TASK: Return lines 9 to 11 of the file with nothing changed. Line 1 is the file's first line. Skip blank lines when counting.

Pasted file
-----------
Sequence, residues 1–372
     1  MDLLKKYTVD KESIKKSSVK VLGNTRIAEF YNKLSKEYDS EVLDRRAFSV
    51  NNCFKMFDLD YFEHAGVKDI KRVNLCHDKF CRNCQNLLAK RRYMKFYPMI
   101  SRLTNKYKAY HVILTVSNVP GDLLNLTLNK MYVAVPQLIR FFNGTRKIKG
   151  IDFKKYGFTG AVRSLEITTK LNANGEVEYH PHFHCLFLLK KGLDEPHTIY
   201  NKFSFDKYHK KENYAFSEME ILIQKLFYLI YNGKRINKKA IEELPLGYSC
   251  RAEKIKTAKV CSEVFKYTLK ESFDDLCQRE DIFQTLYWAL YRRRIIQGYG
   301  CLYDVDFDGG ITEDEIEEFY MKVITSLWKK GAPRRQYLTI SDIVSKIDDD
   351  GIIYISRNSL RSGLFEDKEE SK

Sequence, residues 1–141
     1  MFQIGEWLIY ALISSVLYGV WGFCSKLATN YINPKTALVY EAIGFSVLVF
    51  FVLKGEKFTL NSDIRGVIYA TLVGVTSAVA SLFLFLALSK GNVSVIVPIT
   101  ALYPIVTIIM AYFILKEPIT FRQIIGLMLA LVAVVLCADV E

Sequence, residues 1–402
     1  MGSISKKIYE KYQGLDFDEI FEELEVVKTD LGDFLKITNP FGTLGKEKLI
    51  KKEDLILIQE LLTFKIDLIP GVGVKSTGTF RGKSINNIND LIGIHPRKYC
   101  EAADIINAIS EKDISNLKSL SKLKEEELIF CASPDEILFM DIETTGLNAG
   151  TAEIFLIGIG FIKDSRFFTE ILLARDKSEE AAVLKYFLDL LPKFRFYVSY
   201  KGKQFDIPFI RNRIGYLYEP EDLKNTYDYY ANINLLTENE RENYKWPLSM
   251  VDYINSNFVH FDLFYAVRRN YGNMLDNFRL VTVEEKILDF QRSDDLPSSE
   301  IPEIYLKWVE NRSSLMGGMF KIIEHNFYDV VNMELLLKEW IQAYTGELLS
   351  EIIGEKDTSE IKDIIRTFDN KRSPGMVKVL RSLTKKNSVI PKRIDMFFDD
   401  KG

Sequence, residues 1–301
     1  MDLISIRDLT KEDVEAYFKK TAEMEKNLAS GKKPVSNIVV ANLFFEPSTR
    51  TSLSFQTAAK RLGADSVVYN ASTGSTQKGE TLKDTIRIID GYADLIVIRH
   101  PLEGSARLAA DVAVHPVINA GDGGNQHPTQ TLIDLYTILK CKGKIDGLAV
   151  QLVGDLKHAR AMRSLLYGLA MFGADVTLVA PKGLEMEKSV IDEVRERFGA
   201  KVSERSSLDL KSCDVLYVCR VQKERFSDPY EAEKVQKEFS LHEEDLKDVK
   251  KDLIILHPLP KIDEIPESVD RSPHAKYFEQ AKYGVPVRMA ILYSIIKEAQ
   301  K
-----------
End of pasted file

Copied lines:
   351  GIIYISRNSL RSGLFEDKEE SK

Sequence, residues 1–141
     1  MFQIGEWLIY ALISSVLYGV WGFCSKLATN YINPKTALVY EAIGFSVLVF